privacy shrubs screen– part sun — deer resistant – does it exist?
This topic contains 3 replies, has 3 voices, and was last updated by Anonymous 8 years, 10 months ago.
- April 17, 2010 at 11:58 am #29011
The super challenging problem is I have a 70 foot long area adjacent to country road and my house in Catskill which I would like to plant privacy shrubs screen the deer will not like. Currently there are a row of old lilacs. The nearby forsythia (which deer do not touch) create a privacy screen through their dense overgrown branches even in the winter. However a 70 ft long forsythia hedge screen is scary. But if I could mix with other fast growing shrubs it might be ok. Thinking spirea, rose of sharon. It’s a country natural woodlands kind of place. Ideas for other shrubs to intersperse?April 18, 2010 at 2:46 am #29376
Check out Margaret’s post on deer; you maybe able to find some more suggestions by following the links:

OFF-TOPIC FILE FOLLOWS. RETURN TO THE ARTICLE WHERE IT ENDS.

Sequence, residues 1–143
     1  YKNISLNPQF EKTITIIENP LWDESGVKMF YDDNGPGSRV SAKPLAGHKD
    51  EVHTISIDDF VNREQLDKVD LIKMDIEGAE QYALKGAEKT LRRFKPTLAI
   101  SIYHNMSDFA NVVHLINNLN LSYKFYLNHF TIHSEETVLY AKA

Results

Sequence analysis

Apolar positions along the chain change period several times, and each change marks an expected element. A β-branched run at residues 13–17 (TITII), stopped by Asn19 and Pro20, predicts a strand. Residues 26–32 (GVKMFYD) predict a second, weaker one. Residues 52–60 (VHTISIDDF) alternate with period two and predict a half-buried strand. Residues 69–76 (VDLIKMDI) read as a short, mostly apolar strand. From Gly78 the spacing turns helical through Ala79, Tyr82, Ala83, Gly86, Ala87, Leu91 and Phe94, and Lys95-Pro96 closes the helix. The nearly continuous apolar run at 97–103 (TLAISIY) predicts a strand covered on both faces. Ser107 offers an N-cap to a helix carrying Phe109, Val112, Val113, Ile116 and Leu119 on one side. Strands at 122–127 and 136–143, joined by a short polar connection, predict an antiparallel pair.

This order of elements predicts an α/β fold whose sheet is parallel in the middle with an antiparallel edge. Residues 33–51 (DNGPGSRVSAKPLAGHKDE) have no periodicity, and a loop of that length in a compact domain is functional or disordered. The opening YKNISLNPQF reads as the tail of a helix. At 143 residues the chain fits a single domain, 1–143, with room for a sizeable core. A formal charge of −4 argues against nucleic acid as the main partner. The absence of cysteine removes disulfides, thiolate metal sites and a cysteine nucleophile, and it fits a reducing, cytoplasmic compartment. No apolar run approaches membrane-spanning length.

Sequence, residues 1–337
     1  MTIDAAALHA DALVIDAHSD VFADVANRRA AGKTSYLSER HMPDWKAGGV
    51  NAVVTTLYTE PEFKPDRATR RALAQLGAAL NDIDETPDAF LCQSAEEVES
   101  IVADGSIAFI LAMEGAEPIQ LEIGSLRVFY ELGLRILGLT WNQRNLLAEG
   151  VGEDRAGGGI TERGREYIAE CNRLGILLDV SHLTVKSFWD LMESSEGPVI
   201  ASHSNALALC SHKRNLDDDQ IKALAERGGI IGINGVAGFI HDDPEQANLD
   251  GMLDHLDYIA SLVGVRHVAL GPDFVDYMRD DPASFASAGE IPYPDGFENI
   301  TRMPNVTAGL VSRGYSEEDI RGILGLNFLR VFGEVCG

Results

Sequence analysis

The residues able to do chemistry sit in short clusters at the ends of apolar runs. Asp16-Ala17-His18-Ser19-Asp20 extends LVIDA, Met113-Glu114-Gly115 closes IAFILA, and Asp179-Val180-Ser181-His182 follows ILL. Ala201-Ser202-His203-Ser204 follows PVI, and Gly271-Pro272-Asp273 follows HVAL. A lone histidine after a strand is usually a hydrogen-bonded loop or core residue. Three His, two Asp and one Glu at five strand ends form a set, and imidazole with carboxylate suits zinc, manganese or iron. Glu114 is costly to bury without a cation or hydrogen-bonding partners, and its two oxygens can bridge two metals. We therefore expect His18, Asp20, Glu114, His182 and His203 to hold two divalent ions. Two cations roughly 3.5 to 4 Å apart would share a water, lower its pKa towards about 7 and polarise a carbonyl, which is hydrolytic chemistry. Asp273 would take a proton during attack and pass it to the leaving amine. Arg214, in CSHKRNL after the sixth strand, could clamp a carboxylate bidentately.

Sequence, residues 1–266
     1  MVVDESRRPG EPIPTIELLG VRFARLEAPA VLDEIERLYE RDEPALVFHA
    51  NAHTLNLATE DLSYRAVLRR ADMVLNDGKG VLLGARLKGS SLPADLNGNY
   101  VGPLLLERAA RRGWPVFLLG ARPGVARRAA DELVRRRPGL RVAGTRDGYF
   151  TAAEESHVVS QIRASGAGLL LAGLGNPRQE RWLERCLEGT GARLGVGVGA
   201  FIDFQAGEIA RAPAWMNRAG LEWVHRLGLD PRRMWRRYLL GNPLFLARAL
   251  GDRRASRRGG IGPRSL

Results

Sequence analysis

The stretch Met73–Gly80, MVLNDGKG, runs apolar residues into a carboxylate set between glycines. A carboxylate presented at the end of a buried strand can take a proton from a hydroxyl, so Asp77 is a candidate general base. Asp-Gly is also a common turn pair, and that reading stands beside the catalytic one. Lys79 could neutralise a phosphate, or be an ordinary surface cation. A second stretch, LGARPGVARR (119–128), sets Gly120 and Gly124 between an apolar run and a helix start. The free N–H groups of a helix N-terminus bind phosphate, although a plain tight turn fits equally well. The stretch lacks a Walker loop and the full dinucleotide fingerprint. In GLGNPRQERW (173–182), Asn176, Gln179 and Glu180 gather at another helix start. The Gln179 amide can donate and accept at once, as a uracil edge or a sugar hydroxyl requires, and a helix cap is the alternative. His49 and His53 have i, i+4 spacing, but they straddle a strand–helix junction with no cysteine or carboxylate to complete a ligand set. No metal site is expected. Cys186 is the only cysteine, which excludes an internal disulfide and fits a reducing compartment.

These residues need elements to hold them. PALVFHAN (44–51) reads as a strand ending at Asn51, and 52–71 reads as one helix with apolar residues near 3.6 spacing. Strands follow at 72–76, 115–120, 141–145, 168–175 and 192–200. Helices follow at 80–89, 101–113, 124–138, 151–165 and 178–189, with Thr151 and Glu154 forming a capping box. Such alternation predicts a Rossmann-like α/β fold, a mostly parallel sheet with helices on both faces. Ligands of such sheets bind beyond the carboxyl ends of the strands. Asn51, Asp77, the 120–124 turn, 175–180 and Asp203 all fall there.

Some quick part shade suggestions: Cornus sericea, Aesculus parviflora (bottlebrush buckeye), Rhus typhina (staghorn sumac), Pieris japonica- not sure if the native species (pieris floribunda) is also deer resistant, but I suspect it is.
Not sure how much sun and moisture you have, but I just planted a 80′ hedge of willow along a rural road at my studio (also in Catskill!) Deer are a real problem here, although we also have the problem of wet ground.April 30, 2010 at 3:44 pm #29416
I have a mostly privet hedge between my yard & my neighbor’s driveway. There are incursions of barberry, forsythia, burning bush, and some little boxwoods – but I’d like to keep replacing the privet with other stuff. The problem is that they can’t spread much – they need to be more columnar. Anything in Leslie’s list that fills that bill? Or other suggestions? It’s somewhere between partly sunny and partly shady.May 4, 2010 at 2:37 am #29422
Try looking at a small cultivar of Viburnum trilobum (not deer resistant) such as compactum; you may still need to do some pruning to keep it in its place, but I have seen this working well in NYC to screen between two properties. Also Pieris japonica is neat and generally taller than wide, however it is slow growing.
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